Kamasi Washington on saxophone at the Royal Albert Hall
Kamasi Washington on saxophone at the Royal Albert Hall © Mark Allan

“Let’s have some fun. Here we go,” called saxophonist Kamasi Washington — though he then cued the somewhat funereal drums that introduce “Change of the Guard”, the lead track of the hit triple CD The Epic. Soon, however, the two drummers switched to modal swing, the 22 voices of the T.O.P. Gospel Choir “aaaahed” insistently, the 33 strings of the City of Birmingham Symphony Orchestra shimmered and we entered a world pitched somewhere between Star Trek and Sun Ra.

Although the American and his band have been touring the album since last year’s London Jazz Festival, this packed late-night Prom was the first time that a British audience has experienced Washington’s musical fantasia in full. The band still stretched out, the drummers’ hypnotic energy still mesmerised and solos still built to a peak. But now the subtle changes from swing to hip-hop and the profusion of black pop references were embedded in dense orchestral textures, or starkly revealed when strings and choir fell away.

Washington’s orchestrations eschew the flash for the close-packed layers of his stated influences — among them Stravinsky’s Symphony of Psalms and Norman Connors. On their own they would be overly sentimental, but in this context they added contrast and drama.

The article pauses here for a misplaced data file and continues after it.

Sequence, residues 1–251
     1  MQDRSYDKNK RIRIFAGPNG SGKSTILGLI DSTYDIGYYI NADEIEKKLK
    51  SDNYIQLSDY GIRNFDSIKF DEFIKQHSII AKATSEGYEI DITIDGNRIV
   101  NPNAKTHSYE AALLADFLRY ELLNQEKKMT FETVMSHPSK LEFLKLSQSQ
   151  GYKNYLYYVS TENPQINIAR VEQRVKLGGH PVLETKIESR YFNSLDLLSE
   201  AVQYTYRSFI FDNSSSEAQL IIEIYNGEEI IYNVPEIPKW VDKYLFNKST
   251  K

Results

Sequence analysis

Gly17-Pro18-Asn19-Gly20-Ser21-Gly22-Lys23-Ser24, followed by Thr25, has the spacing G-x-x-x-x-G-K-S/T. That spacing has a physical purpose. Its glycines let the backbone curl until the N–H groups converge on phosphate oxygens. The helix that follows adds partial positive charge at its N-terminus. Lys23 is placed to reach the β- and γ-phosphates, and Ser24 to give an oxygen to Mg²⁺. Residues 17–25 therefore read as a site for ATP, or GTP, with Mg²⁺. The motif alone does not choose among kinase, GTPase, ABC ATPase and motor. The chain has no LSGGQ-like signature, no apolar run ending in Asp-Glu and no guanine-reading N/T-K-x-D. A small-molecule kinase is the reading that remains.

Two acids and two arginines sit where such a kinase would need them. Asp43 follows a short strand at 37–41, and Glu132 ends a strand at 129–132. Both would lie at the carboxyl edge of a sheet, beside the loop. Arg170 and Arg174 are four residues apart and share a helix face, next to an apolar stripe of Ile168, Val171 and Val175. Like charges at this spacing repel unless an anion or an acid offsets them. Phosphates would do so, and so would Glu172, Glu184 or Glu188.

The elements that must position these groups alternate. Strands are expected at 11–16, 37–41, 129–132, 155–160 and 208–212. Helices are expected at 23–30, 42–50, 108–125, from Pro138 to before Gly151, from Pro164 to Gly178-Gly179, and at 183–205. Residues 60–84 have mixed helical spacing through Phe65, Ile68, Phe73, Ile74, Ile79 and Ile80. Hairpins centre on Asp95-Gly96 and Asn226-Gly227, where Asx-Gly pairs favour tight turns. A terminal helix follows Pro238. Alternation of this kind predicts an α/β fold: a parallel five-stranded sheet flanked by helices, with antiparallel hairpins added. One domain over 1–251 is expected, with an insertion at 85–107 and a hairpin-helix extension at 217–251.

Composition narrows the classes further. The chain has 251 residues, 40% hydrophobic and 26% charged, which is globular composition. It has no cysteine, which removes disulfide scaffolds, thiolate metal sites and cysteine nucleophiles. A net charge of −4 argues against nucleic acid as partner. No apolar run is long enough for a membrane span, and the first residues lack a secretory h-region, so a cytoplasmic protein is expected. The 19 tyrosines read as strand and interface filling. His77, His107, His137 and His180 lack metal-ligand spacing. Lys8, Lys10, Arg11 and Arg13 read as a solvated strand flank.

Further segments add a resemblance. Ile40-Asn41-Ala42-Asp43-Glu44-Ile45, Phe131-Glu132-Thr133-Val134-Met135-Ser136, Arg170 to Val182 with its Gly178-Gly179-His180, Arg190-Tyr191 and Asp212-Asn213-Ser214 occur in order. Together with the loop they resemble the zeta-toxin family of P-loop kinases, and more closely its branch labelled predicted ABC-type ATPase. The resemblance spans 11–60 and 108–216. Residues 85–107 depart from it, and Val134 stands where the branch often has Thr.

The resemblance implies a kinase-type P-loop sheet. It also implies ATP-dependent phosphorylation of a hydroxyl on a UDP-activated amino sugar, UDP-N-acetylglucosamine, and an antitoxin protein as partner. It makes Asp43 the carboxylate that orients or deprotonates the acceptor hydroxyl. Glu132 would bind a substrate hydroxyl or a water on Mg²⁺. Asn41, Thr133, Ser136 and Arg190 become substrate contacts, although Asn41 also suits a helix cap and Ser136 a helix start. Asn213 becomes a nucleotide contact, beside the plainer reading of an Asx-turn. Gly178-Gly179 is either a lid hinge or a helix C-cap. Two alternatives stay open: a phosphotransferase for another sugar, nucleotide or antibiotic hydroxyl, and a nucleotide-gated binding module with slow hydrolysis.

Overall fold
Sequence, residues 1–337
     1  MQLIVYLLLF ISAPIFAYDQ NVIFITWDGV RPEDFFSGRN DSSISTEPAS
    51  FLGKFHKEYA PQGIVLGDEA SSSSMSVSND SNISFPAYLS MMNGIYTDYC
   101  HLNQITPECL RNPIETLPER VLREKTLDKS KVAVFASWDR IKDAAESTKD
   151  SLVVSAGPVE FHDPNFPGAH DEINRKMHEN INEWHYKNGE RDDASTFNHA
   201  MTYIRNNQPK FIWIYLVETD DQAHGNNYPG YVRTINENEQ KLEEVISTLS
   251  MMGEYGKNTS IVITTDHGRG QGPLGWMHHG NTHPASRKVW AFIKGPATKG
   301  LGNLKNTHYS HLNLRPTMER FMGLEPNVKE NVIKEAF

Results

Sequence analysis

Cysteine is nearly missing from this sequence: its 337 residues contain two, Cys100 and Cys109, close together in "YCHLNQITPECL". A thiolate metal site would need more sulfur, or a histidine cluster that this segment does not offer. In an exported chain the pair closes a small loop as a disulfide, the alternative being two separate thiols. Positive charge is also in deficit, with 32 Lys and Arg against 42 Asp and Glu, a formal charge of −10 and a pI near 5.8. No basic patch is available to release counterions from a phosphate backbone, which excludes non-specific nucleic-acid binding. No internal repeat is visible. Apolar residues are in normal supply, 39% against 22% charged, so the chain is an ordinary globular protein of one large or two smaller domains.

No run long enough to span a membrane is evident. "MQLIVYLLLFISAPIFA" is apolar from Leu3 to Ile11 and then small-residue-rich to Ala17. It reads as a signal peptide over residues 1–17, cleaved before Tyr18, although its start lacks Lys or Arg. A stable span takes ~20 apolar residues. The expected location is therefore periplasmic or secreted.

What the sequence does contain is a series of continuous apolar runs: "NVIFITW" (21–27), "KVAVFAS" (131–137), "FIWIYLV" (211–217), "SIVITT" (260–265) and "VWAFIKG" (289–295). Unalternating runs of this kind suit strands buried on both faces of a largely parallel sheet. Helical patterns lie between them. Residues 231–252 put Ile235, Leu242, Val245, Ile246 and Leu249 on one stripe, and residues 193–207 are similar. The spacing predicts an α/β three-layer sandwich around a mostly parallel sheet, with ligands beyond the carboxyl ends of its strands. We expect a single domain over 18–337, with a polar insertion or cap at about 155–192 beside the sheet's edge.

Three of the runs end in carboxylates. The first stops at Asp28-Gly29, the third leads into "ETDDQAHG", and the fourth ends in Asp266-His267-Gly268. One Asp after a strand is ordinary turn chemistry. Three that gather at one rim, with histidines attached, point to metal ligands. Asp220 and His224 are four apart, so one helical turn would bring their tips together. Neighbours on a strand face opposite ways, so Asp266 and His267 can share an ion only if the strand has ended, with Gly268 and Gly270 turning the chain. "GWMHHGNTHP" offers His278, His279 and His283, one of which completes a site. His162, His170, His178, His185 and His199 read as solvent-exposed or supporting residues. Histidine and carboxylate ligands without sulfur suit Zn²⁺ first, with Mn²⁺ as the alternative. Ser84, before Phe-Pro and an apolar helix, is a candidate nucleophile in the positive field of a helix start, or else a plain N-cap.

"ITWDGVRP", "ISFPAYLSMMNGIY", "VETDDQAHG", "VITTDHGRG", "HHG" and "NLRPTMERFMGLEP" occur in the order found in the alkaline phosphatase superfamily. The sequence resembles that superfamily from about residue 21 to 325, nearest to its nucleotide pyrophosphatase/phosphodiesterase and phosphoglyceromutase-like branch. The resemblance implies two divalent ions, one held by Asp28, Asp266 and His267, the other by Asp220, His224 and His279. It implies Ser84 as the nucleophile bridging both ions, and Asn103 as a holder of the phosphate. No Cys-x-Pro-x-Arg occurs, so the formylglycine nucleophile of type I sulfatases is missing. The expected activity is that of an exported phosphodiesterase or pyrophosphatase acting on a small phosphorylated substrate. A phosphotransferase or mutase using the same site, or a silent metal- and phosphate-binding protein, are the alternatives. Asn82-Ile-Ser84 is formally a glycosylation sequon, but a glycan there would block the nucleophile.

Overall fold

Not that this is at the expense of serious jazz. At this performance pianist Brandon Coleman was a real box of tricks, dropping doo-wop balladry and old-school rhythm and blues into surging two-chord vamps and fast modal lines. Miles Mosley’s Jimi Hendrix-style bowed bass bought both finale and encore to a peak. There was a lovely flute solo from Washington’s father, Rickey. Vocalist Patrice Quinn was integrated in the ensembles and a powerful fey-voiced lead on Washington’s somewhat otherworldly lyrics.

Washington himself remained the dominant presence, despite muddled amplification. Too often he was overwhelmed by the backing just as he came into his stride, while quieter moments revealed the subtle phrasing and warm, airy tone that was otherwise lost.

Overall, though, this was a minor annoyance. The conjoining of past and present was subtle. The band and orchestra’s one-off meeting was as natural as a longstanding companionship, even on the Disneyesque “The Space Traveller”, the evening’s only new tune. And the full jazz-fantasy package freshened the music with a sprinkling of showbiz pizzazz. Washington’s orchestral epic is marvellously entertaining.


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